Copywriting Tips – When is it Good Enough?
Okay, here’s one for you to chew on for a while. When is your sales letter good enough? Is there such a thing as good enough? How much does it matter? Do you eventually reach a point of diminishing returns? Lots of questions, but still no answers. Well, sit tight. The answers are coming. Please note, this is just my personal opinion. I suggest you test this all out for yourself.
Sales letters are funny animals. Sometimes they take on a life of their own. You start off writing one thing and by the time you’re done, it has evolved into something totally different. I have switched gears many times when writing copy because suddenly I came up with what I thought was a better idea. But was it? If I totally scrapped the first letter and didn’t split test it against the second, do I really know for sure? Maybe the first letter would have performed better.
But okay, this isn’t about split testing. Hopefully, you understand that you need to do that in order to determine which version of your sales letter is performing better. So let’s, for argument sake, say that you’ve done all your split testing. You’ve written no less than five versions of this sales letter and have gotten your conversion percent to go from 2% to 3.4%. Is it good enough? Can you do better? At this point, does it matter? This is where I get into what I call diminishing returns.
My time is valuable to me. I don’t know about you, but I don’t like to waste it. So if I have to spend another 16 hours tweaking a sales letter to go from 3.4% to maybe 3.7%, is it really worth it? Maybe if your traffic is in the millions of visitors of month it is, but what if you’re getting an average of 100 visitors a day. That’s 3,000 visitors a month. At 3.4% conversion, that’s 102 sales. At 3.7% it’s 111 sales. That’s 9 more sales for the month. If you’re selling a $47 product, it’s an extra $423 a month. If it took me 16 hours to achieve that result, my work got me a whole $26 an hour. Considering I earn $100 an hour consulting, was my time worth it?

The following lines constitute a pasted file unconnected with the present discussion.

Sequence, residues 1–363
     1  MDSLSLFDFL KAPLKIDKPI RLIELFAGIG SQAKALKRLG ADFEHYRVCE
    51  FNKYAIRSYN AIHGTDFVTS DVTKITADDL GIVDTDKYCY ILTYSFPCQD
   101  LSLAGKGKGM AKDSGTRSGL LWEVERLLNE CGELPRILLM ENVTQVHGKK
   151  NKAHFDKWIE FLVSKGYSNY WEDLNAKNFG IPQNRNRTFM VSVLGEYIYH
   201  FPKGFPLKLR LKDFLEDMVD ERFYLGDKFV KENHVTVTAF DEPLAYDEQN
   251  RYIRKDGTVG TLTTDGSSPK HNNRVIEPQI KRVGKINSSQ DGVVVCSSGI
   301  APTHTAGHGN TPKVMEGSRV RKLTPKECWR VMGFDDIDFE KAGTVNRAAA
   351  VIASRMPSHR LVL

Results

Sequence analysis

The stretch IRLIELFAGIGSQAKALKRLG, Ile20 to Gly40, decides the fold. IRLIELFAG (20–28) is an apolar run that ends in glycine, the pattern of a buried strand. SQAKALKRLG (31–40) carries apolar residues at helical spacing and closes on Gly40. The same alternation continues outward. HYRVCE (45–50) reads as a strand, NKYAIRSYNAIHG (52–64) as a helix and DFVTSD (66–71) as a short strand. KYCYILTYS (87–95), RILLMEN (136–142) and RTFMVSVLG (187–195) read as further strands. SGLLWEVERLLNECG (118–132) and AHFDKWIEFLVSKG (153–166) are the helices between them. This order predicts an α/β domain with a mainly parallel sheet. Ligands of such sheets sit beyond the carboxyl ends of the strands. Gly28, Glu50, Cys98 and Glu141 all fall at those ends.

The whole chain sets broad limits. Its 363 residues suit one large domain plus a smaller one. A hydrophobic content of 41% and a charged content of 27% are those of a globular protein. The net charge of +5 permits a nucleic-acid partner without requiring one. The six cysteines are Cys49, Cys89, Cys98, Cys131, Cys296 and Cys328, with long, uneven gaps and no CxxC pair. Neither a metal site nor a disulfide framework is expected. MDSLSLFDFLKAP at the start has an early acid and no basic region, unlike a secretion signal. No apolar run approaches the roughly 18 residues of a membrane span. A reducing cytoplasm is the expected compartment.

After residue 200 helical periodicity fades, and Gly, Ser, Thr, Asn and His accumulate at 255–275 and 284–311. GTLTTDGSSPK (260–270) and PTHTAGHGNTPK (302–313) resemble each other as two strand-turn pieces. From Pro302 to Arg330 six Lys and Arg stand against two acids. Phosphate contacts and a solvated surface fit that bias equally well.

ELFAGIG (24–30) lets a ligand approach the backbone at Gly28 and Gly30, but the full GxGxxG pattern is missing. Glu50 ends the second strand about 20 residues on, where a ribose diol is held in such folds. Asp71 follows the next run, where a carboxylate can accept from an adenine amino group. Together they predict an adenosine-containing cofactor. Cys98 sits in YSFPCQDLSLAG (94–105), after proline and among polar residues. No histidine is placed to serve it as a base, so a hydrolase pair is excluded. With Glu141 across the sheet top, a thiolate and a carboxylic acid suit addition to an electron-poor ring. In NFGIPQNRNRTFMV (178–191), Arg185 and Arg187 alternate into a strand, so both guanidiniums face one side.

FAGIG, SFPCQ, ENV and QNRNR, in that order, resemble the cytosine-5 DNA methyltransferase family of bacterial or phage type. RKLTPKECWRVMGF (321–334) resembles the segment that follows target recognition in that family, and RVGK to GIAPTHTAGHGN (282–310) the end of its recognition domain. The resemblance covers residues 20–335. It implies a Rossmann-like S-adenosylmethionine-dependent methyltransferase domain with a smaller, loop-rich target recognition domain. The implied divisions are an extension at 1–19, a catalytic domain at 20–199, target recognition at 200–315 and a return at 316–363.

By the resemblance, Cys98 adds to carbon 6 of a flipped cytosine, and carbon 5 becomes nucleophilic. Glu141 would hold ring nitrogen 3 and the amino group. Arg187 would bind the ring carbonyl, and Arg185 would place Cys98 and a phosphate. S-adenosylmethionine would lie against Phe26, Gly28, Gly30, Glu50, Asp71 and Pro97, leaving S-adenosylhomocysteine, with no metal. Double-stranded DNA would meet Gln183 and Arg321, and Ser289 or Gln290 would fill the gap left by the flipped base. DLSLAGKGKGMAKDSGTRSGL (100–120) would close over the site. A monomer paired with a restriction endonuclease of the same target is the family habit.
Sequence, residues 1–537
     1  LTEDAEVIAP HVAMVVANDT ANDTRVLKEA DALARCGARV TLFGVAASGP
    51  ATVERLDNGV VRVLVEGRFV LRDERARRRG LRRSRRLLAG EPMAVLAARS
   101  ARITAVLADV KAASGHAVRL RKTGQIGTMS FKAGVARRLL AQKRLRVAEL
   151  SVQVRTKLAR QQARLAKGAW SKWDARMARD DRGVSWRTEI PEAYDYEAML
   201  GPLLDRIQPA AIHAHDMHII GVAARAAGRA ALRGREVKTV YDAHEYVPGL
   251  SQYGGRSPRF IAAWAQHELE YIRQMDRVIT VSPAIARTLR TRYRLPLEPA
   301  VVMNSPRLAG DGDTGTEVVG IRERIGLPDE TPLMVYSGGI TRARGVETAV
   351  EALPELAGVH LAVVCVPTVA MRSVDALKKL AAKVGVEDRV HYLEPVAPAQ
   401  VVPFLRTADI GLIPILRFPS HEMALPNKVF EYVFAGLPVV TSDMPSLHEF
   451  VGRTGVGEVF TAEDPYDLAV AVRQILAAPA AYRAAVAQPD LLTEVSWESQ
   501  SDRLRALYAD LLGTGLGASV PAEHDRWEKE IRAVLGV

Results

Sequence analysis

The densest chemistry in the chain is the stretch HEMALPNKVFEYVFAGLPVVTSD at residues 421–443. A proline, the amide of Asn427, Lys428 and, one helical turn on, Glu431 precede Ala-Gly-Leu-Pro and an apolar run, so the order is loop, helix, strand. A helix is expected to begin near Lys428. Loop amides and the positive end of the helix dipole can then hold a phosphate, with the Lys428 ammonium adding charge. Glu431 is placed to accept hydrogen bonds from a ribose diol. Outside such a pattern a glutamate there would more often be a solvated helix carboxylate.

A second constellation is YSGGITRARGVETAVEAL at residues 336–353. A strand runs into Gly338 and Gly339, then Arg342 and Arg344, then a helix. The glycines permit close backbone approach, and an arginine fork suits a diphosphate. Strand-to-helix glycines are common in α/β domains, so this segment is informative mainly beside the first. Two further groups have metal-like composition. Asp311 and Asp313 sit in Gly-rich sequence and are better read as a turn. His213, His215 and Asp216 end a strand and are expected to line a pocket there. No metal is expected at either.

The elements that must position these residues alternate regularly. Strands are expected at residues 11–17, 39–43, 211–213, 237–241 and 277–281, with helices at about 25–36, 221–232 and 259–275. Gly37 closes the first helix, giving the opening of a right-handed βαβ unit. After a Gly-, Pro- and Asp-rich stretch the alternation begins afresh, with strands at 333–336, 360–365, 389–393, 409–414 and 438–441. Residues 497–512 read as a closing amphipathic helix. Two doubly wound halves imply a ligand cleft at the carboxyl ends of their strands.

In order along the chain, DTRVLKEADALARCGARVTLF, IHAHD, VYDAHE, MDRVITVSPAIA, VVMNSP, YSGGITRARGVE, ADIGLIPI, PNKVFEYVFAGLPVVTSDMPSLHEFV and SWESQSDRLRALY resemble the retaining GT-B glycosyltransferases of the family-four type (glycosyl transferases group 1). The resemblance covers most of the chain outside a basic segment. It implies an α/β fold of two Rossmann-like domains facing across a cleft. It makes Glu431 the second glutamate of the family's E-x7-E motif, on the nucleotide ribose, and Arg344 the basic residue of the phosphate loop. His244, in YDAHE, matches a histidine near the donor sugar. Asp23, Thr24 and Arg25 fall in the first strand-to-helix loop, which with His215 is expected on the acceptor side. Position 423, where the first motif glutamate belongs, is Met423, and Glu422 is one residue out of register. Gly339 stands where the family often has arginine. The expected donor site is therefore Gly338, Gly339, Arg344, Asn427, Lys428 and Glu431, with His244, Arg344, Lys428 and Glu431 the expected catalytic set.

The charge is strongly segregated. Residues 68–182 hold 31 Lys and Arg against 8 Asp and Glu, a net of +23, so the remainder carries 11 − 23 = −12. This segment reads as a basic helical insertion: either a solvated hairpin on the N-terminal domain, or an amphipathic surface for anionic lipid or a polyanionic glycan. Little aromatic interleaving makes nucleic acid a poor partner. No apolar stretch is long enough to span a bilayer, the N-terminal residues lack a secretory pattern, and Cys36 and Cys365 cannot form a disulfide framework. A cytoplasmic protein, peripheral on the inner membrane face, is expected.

Some may say yes because that’s $423 extra each month for the same 16 hours work. And there is something to be said for that. But what if traffic drops off? What if the product is no longer viable. Is an extra 0.3% really worth the effort? I can’t answer that question for you. Only you can determine what your time is worth.
In my opinion, and this is only my opinion, there comes a time when the sales letter is good enough and it’s time to stop tinkering with it. Naturally, if it’s not converting at all, it needs major work. But if you’re already in the 2% to 4% range, it’s time to look to see if your efforts are not better spent doing something else that will bring you a bigger return.
To YOUR Success,